I will admit to being interested in all of this.  It's got precisely jack shit to do with the novel, but I can live with that.  I've got virtually no faith in Neal Baer to somehow turn this into a good series over the course of the five remaining second-season episodes, but if he wants to go farther down the road traveled by "Going Home," then maybe he can at least turn it into a series I won't feel the need to make fun of on a weekly basis.
I'd settle for that.


  1. For me, this episode was yet another of those surprising turns where, on the whole, my opinion has more or less shifted back to favorable. This isn't to say that there aren't aspects that I wouldn't change. At the very start of the show, in terms of the motivation for getting Barbie down that tunnel I was more or less thinking, "Rewrite!".

    I also thought there was a sad moment when the show was going to repeat that whole last minute first season add on with Barbie's "employer" (I'll admit I forget her name) when I thought he should be trying to contact the show's version of Col. Cox. Then, thankfully, it turns right around and more or less goes on the track I thought was most logical for it to go.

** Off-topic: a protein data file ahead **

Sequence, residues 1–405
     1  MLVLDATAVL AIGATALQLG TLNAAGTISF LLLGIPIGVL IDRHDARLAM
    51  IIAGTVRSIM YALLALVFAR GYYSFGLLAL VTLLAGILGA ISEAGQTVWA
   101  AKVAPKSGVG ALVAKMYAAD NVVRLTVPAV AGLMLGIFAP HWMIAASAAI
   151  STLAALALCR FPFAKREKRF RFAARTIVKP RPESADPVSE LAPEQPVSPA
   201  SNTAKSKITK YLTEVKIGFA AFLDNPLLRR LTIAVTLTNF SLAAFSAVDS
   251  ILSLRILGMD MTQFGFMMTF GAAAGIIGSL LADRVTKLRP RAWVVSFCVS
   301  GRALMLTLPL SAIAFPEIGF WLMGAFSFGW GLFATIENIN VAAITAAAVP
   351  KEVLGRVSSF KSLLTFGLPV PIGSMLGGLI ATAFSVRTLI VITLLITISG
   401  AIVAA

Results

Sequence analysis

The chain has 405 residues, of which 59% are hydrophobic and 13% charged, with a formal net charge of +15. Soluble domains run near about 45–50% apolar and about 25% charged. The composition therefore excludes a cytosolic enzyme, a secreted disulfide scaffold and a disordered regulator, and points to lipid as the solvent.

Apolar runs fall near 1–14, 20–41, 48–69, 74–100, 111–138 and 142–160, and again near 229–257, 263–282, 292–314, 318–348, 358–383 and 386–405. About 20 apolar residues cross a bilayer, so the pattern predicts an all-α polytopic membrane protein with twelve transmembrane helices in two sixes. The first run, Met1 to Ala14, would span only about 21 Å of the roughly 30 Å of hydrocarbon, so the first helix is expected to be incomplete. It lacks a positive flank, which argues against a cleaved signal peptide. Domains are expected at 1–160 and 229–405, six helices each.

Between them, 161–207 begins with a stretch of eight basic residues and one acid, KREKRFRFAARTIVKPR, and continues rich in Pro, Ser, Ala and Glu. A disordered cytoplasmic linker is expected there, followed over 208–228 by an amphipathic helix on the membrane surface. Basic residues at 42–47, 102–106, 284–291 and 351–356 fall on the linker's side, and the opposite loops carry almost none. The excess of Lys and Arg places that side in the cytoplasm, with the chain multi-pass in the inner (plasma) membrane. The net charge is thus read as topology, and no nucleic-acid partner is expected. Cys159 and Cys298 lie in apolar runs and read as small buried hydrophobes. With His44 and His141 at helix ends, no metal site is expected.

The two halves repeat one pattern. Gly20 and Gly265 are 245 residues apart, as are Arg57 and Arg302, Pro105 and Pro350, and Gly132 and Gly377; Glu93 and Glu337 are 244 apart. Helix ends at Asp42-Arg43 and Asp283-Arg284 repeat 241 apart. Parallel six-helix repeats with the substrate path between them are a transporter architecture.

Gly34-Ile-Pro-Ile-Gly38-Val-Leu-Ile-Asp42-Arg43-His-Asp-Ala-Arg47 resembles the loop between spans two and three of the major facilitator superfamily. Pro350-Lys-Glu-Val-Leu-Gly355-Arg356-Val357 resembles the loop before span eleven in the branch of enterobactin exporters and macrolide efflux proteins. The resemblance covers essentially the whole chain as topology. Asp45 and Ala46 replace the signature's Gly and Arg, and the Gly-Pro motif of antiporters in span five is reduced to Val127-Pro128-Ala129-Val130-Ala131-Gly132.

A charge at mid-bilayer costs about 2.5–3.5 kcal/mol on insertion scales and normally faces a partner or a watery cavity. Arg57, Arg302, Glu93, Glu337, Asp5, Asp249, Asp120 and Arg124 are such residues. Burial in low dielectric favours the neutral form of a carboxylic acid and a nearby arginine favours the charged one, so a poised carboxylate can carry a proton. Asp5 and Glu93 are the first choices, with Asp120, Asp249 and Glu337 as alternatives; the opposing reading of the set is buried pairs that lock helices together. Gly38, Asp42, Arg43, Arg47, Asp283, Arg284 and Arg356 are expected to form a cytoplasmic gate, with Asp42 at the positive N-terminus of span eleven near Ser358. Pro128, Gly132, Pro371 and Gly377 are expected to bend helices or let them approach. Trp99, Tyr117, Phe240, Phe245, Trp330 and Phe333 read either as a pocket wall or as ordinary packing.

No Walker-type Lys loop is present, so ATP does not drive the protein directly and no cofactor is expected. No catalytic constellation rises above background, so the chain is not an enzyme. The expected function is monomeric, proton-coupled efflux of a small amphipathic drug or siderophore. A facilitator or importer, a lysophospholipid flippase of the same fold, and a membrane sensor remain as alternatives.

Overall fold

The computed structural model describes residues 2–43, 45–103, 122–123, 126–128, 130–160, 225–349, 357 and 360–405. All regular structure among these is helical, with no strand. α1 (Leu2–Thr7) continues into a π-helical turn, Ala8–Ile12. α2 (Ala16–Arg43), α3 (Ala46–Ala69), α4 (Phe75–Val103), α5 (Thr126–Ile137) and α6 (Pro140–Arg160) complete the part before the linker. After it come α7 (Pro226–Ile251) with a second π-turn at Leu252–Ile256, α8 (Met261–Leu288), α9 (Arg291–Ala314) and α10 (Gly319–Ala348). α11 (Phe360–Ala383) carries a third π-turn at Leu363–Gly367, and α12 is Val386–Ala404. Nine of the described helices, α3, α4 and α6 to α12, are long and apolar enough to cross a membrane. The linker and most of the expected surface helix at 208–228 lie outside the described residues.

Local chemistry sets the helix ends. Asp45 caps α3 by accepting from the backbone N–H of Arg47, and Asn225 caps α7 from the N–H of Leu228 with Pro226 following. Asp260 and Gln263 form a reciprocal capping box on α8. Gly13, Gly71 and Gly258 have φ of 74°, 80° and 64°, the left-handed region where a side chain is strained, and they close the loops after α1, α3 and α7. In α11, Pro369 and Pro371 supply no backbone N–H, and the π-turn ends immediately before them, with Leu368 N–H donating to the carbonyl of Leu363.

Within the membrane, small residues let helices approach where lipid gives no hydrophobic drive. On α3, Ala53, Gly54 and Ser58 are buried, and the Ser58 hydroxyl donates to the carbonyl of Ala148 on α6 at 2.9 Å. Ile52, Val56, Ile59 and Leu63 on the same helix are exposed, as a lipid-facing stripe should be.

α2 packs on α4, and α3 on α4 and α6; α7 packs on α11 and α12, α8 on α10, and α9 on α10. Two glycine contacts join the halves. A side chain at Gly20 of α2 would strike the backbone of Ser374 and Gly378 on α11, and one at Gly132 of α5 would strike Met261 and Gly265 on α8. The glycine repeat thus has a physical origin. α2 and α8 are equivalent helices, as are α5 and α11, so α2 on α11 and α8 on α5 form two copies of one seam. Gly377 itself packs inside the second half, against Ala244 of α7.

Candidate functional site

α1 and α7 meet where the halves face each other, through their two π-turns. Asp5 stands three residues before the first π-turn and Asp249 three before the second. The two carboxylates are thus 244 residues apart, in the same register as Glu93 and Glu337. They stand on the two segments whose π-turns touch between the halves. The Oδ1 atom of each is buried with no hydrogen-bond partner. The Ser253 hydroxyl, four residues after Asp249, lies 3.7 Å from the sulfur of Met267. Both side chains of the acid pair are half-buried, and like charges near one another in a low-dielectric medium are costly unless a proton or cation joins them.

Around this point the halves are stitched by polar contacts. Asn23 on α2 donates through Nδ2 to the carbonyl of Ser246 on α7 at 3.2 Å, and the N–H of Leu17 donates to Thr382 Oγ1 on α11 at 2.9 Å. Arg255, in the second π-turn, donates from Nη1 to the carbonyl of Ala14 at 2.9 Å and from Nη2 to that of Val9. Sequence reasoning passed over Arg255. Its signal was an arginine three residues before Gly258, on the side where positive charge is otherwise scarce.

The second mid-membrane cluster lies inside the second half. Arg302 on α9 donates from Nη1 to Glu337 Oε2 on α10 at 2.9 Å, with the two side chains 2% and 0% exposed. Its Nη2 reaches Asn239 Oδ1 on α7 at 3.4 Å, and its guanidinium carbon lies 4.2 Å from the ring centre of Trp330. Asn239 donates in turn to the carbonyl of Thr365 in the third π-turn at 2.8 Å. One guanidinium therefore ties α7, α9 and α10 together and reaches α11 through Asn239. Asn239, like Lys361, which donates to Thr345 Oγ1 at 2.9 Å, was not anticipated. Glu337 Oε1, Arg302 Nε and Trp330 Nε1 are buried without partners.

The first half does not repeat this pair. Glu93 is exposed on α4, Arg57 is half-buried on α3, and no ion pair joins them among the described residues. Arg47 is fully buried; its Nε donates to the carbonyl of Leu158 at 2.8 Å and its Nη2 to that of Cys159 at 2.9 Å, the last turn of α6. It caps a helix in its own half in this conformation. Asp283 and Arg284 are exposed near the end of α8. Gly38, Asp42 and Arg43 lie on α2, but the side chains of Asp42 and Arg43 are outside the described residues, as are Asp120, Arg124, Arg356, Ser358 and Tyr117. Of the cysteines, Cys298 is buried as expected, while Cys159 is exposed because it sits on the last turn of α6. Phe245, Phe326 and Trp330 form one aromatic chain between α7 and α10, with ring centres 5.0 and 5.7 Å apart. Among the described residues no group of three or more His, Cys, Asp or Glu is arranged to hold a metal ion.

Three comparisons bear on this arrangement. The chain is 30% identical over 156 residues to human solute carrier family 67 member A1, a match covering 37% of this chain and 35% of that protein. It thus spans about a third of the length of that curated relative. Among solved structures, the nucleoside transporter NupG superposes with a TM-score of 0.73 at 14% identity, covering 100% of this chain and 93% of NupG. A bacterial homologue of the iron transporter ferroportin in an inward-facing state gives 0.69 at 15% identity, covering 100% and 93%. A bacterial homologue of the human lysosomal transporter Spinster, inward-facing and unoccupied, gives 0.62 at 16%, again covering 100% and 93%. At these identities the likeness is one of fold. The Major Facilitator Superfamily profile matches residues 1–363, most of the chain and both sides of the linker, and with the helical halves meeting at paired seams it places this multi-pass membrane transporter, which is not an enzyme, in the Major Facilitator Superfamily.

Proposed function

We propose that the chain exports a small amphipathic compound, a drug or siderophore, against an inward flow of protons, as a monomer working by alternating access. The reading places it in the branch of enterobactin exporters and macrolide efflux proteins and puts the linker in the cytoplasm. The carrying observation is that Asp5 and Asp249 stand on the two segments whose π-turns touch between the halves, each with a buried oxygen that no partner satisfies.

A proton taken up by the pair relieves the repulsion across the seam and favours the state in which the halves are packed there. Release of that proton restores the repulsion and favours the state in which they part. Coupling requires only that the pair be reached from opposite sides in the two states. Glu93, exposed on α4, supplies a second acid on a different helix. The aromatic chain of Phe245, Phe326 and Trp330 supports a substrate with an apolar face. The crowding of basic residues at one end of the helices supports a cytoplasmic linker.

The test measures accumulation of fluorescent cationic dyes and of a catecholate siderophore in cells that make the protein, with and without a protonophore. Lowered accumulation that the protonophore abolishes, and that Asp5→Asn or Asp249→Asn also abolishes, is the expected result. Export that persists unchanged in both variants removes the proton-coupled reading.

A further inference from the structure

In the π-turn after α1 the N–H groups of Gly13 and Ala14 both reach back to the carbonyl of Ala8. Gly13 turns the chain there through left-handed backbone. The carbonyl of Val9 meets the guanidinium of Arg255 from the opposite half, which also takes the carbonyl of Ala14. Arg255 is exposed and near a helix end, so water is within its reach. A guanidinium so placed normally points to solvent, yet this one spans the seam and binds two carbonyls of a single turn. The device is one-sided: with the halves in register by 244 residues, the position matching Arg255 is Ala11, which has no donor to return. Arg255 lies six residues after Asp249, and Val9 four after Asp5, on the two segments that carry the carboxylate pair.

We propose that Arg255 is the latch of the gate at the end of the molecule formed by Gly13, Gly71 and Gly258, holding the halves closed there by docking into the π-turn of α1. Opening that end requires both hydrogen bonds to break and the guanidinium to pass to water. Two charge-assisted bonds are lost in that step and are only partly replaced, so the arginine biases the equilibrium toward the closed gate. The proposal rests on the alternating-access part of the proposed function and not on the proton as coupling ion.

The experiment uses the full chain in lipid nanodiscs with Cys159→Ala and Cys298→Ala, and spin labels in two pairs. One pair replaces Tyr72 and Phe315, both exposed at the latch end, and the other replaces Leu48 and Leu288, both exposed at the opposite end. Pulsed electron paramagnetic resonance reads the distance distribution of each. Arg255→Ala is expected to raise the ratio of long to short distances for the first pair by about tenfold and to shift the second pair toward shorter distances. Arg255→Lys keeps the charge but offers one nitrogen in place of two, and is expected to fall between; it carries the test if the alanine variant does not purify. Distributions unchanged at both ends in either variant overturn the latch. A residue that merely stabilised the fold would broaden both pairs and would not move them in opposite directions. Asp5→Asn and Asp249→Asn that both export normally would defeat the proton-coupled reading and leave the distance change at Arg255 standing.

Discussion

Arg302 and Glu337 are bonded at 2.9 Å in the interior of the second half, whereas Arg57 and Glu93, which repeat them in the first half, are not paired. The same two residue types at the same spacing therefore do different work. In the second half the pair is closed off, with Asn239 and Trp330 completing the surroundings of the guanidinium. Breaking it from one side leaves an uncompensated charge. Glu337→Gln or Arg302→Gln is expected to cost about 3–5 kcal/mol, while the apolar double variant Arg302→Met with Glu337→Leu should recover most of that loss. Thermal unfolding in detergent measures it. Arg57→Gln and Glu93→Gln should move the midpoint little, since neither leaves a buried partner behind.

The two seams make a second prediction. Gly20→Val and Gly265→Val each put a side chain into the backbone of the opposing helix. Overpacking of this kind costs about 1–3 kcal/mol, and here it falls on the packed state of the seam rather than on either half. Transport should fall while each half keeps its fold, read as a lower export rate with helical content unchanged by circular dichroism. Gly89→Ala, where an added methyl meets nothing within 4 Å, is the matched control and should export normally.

Of course, this opinion does depend on whether or not anyone is dissatisfied with the original novel. I'll I still am after five years, in that it just still doesn't cohere into an interesting whole for me. This isn't to say that the series is doing so well either, but at least this episode picked things up a bit for me.


    1. I believe the name you are looking for is "Maxine," and it's to your credit that you forgot it. What a terrible plotline that was...

      I found myself thinking about her last night, too, though, and at about the same time it sounds like you did. On the one hand, it makes sense for Barbie's criminal cohorts to have his place staked out; on the other hand, it made me roll my eyes pretty dang hard. This is one of those times when the show's inattention to character background hurts it; if we had known that Barbie needed to get out of Chester's Mill to do take part in this heist, then it might have added something. Or not. Either way, having those goons show up like that felt cheesy and ridiculous.

      I wasn't anywhere near as dissatisfied by the ending of the novel as you were, but I'm still more or less able to put the book aside and focus on the show as its own thing. The thing I'm struggling with is comparing it to other television series, which is maybe a little bit unfair. Then again, I'll say what I've said before: given the source material, the pedigree of the behind-the-scenes talent, and the budget, there is zero reason why this should not be a very good television series at the very least.

      It isn't. But, like you, I found my opinion swinging back toward the positive last night. I don't think my review managed to indicate that, but it's true.

    2. I believe you when you say your take on the episode was more positive.

      For me, the very strange part of this whole series is the way is literally jerks the viewer (or at least this one) from one extreme to the other. Technically, that may be part of a story's job, and if it is doing that then maybe it's deserve more credit.